Creating Inclusive Play Environments In all age groups, Canadians with a disability are less likely than other Canadians to participate in regular physical activities An inclusive environment is one that provides the opportunity for children of all abilities and interests to participate in all activities Inclusive environments recognize the inherent value of each child, the right to take risks and make mistakes, the need for independence and self-determination, and the right to choice Everyone has a responsibility to remove barriers for children with disabilities so that they can have equal access to
physical activities For more info on physical activity modifications, see Opheas Steps to inclusion resource Creating Inclusive Play Environments In an inclusive program: Activities are modified, adapted and individualized as necessary Expectations are realistic yet challenging Assistance is provided only to the
degree required Dignity of risk and availability of choices are respected and fostered Visual cues include children with varying abilities Activities are taught/led using different learning styles Equipment is adapted/modified as necessary Page 57 Reflecting a Variety of Cultures
Select visuals (e.g., posters, wall cards, etc.) and resources that reflect diversity in gender and ethnicity. Use music and activities that reflect various cultures including songs, instruments and dances. Encourage children to express themselves according to their culture when participating in imaginative games and activities. Use culturally appropriate props, equipment and materials.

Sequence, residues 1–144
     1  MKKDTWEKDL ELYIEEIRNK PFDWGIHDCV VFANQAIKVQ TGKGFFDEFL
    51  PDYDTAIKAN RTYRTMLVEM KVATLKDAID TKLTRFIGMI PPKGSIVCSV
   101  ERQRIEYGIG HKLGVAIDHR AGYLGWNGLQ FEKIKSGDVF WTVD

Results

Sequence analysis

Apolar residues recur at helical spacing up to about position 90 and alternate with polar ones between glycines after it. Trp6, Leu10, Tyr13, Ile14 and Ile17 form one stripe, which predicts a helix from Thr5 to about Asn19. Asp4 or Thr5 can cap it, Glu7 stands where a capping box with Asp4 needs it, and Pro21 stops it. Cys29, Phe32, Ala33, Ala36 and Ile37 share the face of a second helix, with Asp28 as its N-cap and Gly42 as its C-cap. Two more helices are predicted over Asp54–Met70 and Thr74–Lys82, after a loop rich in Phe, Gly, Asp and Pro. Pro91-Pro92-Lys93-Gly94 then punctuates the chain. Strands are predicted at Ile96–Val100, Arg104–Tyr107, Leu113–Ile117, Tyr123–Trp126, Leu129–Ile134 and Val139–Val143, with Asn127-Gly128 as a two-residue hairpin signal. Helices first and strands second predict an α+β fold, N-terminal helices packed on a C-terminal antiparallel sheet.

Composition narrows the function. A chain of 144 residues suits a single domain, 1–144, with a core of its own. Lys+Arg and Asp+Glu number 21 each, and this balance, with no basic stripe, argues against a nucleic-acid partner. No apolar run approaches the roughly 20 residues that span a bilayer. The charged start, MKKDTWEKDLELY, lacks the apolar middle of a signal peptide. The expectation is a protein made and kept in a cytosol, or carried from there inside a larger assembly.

Page 58 Lets Get Active Main goal is to get children moving while having fun Can integrate other areas of learning into games and activities:
literacy, numeracy, colours, shapes, emergent curriculum Skills developed through games go beyond just fundamental movement skills and movement competence: aim & accuracy, spatial awareness, hand/eye coordination, communication, crossing the midline, listening, following instructions, problem solving, critical thinking, adaptability, developing relationships, self-regulation Games also develop character education: sharing, encouragement, cooperation, working together, empathy, positive attitude, teamwork, caring Presentation title| Date
Page 59 Lets Get Active Circle Time 1. 2. 3. 4. 5. 6. Parachute Games Birthdays
Bean Bag Circle Pass Rectangle Rush Circle Kick Ball Connect it Page 60 Lets Get Active Small Space Activities 1. 2. 3. 4.
5. 6. Alphabet Popcorn Dice Roll Scarf Toss Simon Says Touch That Colour Yoga Page 61 Lets Get Active
Open Space Activities 1. 2. 3. 4. 5. 6. 7. 8. Hoop Play Laundry Relay Colour Cones
Its a Zoo Out There! Magic Soup Mouse Chase Red Light, Green Light Shark Attack Page 62 Lets Get Active Physical Literacy: Movement Games 1. 2. 3.
4. Shake Your Sillies Out Red Light, Green Light Colour Switch Activity Pass Page 63 Lets Get Active Physical Literacy: Throwing-based games 1. 2.
3. 4. Circle Pass Circle Chase Bean Bag Song Scarf Toss Page 64 Lets Get Active Physical Literacy: Kicking-based games 1. Circle Kick Ball
2. Through the Goal 3. Clean UP Page 65 Lets Get Active Physical Literacy: Balance-based games 1. Bean Bag Balance 2. Down the Line 3. Body Part Balance Page 66
Practical Strategies for Getting Young Children Active: Challenges and Solutions Challenge 1: Some young children might not like to engage in structured physical activity because of the task of learning and abiding by rules. Strategies: Page 67 Practical Strategies for Getting Young Children Active: Challenges
and Solutions Challenge 2: Some young children may appear frustrated, cry or show a lack of interest during physical activity. Strategies: Page 68 Practical Strategies for Getting Young Children Active: Challenges and Solutions Challenge 3: Children like routine and like to know what to
expect in terms of timing, location of activities, etc. Strategies: Page 69 Practical Strategies for Getting Young Children Active: Challenges and Solutions Challenge 4: Some young children are shy or embarrassed to try a new skill or because they have had difficulty with a skill, game, etc. in the past.